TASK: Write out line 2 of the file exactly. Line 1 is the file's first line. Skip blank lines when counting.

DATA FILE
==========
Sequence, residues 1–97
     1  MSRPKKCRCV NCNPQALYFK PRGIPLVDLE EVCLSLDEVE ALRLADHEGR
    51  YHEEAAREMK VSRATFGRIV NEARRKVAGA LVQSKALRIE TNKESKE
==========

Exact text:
     1  MSRPKKCRCV NCNPQALYFK PRGIPLVDLE EVCLSLDEVE ALRLADHEGR